When I started my new job, I had the idea to rebrand this blog. A lot of the ideas I had for entries seemed to focus more on my family than on vague philosophies about finding The Way. About a month ago I even changed the format and added a header. And a few days ago I thought about creating a completely new blog, with a new URL and everything.
I have no idea if I’m going to do anything with this place, or just continue to use it for those times when I have thoughts I manage to string together in a marginally coherent fashion. Either way, I needed a change. And while I originally thought I’d write a post on the idea of branding, and what it means from a personal standpoint (and not, I might add, a flatiron standpoint), and then, as the new year approached, thought I might write on the new year (though not, perhaps, as optimistically as I did three years ago).
But instead I want to write about Kairi, and the end of a journey.
I always planned to breastfeed. I have nothing against formula-feeding moms and know that for many, formula is the reason their babies are still here. Or the reason that mom’s sanity is still here. Or some combination of the two. But for me, breastfeeding was just what you *did,* and as long as I had milk and Kairi wasn’t born with anything that would have prevented her from being able to latch, she would nurse.
This isn’t necessarily a post about our breastfeeding journey, because we really were very lucky in terms of that. She latched for the first time about 30 minutes after birth, and never looked back. I hated pumping but managed it well enough to keep her fed while I was a work, and while I had a pretty severe dip in supply when she was about 3 months old, from a combination of travelling, me getting sick, and going back to work full time, once I got that under control we were fine. I even had some frozen milk leftover I was able to donate to another mama after Kairi’s first birthday. The hardest part of nursing for us, was that she wanted to nurse All. The. Time., and in short sessions, which made it hard to do anything when I was home, and ensured she woke up multiple times a night to nurse. And because she loved nursing so much, she loved sticking her hand down my shirt and twiddling (if you’re not sure what that is, it’s exactly what it sounds like and just as annoying). There were a lot of frustrations on my part, but not a lot of actual difficulty.
By the time I started travelling overnight for work, we were down to one nursing session per day, at bedtime, and only on the nights I was home. My supply dropped, and dropped. And around Thanksgiving, she was losing interest in nursing at night entirely, so I decided I would pick a day that would be The Last Day, so I wouldn’t miss it. And I had a few days in mind–Christmas, New Year’s, or her 18 month birthday (which, spoiler alert, was today).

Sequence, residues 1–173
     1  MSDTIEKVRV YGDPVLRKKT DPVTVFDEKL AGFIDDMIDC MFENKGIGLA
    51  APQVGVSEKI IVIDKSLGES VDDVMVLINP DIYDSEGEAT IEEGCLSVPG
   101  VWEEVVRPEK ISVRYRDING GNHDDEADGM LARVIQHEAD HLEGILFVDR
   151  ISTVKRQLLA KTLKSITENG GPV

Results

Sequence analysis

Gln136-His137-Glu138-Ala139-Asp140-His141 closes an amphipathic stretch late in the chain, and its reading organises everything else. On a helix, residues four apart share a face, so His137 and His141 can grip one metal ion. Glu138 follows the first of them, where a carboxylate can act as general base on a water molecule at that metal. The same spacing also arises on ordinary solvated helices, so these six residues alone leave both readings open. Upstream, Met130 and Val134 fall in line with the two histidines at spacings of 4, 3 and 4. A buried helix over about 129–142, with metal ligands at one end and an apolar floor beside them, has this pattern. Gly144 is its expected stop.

Then Christmas came, and she got sick and wanted to nurse more. And last week she was mostly better, but still very determined to go back to her old habits, and between being sick and getting her molars, bedtime in general was being a nightmarish (see what I did there?) experience, and not the way either of us needed to say goodbye to nursing.
And then…tonight. I brought my phone upstairs on a whim, since I didn’t feel like going into the bedroom to grab my book. Bedtime was way too late and I expected a battle and figuring I wouldn’t get much reading in, anyway. We sat down. She lifted my shirt, and smiled at me before latching on. And for the first few minutes, she went back and forth between the breast and her sippy cup (again–almost no supply anymore), and at one point tried to put both in her mouth at the same time. And eventually gave up and just…nursed. She popped off one more time to drink from her sippy cup and I switched her to the other side, and she nursed–comfort nursed, rather–with her eyes half-closed and that perfect, peaceful look babies have as they are drifting off, until she fell asleep at the breast and let her head drop beside me.
It was perfect.
So my rebranding isn’t about my blog, or what I want people to think of when they see me, or even what I want out of the new year. It’s about me and my daughter. And that for the first time since she was conceived, we now exist entirely as two separate people. Tomorrow I’ll wake up and drive to Lynchburg, and she’ll wake up, fully 18 months old, with no idea that anything is different. And while nothing will *really* change from this, we both had one last, beautiful moment as one.
Goodnight tiny bug. ❤